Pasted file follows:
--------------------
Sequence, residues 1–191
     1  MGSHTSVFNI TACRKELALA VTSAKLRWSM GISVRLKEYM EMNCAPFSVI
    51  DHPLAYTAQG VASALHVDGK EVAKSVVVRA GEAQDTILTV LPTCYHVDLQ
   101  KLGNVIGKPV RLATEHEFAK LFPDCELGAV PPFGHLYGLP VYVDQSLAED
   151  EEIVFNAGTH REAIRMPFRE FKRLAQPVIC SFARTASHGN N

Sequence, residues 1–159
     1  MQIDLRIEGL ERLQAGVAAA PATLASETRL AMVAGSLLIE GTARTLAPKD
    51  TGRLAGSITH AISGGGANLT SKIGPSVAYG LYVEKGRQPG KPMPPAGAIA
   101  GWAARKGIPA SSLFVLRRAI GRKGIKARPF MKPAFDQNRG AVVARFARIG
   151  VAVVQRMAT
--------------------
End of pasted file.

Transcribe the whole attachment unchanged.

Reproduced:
Sequence, residues 1–191
     1  MGSHTSVFNI TACRKELALA VTSAKLRWSM GISVRLKEYM EMNCAPFSVI
    51  DHPLAYTAQG VASALHVDGK EVAKSVVVRA GEAQDTILTV LPTCYHVDLQ
   101  KLGNVIGKPV RLATEHEFAK LFPDCELGAV PPFGHLYGLP VYVDQSLAED
   151  EEIVFNAGTH REAIRMPFRE FKRLAQPVIC SFARTASHGN N

Sequence, residues 1–159
     1  MQIDLRIEGL ERLQAGVAAA PATLASETRL AMVAGSLLIE GTARTLAPKD
    51  TGRLAGSITH AISGGGANLT SKIGPSVAYG LYVEKGRQPG KPMPPAGAIA
   101  GWAARKGIPA SSLFVLRRAI GRKGIKARPF MKPAFDQNRG AVVARFARIG
   151  VAVVQRMAT